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Peace Dialogues to End Southern Conflicts to Continue

May 12, 2014 Destination Thailand No Comments Email Email

Secretary-General of the Office of the National Security Council Thawin Pleansri said that peace dialogues to end violence in the southern border provinces would continue, together with other operations.

Mr. Thawin, who was reinstated recently as the Secretary-General of the National Security Council, said that he would pursue peace talks with groups holding different views and ideologies to that of the state. 

The peace dialogues began on 28 March 2013 with the Barisan Revolusi Nasional Coordinate (National Revolutionary Front), known in short as BRN. They followed the signing of the “General Consensus on Peace Dialogue Process” on 28 February 2013 by the Thai government, represented by the National Security Council, and BRN. The document came into existence with the active support of the Malaysian government, which acted as a facilitator. 

The current Southern Border Provinces Administration and Development Policy, 2012-2014, also seeks to pave the way for peace talks. An opinion poll, conducted in late 2013, showed that most local residents were in favor of dialogues for lasting peace in the deep South.

Violent incidents in the deep South of Thailand have been occurring for more than 10 years now. They have resulted in a great loss of life and property, damaged the local economy, and undermined public safety and national security. The three southern border provinces of Pattani, Yala, and Narathiwat, and some districts of Songkhla became the scenes of violence, and the conflicts have dragged on to this day.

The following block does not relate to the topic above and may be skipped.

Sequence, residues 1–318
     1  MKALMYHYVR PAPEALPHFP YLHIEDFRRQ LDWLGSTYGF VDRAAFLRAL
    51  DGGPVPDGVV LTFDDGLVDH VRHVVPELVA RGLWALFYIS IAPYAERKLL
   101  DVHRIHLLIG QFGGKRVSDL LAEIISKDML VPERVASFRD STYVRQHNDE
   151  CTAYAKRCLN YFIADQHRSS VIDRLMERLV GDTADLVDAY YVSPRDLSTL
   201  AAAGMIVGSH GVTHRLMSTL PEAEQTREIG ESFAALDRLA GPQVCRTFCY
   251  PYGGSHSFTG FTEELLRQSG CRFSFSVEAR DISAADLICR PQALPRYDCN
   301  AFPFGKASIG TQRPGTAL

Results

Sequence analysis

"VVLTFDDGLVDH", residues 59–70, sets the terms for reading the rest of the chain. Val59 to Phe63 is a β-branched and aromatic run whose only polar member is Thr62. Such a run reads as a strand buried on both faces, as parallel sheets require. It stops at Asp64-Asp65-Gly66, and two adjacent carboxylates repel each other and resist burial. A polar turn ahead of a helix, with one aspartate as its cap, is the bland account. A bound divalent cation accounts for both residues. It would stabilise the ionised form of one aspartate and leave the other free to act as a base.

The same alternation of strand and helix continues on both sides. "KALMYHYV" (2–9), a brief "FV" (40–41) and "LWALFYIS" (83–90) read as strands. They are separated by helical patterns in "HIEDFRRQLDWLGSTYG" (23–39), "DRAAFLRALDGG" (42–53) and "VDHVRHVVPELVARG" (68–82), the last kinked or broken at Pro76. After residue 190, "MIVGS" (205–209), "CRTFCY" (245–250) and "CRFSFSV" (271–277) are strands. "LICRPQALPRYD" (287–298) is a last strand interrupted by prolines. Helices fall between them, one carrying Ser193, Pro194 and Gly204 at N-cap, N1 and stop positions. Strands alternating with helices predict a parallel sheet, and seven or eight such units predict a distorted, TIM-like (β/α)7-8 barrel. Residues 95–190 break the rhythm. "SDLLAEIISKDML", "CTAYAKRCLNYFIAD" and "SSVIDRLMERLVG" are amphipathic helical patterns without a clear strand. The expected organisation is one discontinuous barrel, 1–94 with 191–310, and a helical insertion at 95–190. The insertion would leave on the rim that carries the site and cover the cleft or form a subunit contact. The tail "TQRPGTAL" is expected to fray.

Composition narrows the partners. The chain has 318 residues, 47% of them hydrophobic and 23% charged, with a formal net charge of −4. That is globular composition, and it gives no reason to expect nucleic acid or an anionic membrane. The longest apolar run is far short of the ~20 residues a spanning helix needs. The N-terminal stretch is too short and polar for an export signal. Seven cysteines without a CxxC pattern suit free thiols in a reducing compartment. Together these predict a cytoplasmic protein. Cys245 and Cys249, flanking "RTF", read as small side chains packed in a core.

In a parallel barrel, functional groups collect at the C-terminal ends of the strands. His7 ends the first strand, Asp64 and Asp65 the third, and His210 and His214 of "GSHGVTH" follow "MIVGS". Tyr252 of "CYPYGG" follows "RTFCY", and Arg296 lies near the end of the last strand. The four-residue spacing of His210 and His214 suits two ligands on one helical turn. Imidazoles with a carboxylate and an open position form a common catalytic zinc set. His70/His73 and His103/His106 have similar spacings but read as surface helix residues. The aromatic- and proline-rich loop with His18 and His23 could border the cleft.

Apart from adopting the “politics leads the military” approach in peace-building operations in the South, all government agencies involved have also focused on a development-led approach in eradicating poverty and improving the people’s quality of life. Emphasis is also placed on ensuring justice and promoting the local way of living, culture, and identities.

The Internal Security Operations Command, which is in charge of security matters, has set six strategies for dealing with southern problems. The first strategy seeks to create better understanding between officials and local people and prevent villagers from being misled by ill-intentioned people. The second strategy involves human resource development to narrow social gaps.

The third strategy seeks to tackle problems concerning drugs, influential persons, and illegal businesses, so that they will not be used to create unrest. In the fourth strategy, officials will be provided with better understanding about human rights issues in order to prevent human right violations.

The fifth strategy involves law enforcement and the protection of people’s lives and property. In the sixth strategy, all sectors of society will be urged to join forces in improving the situation for lasting peace in the deep South.

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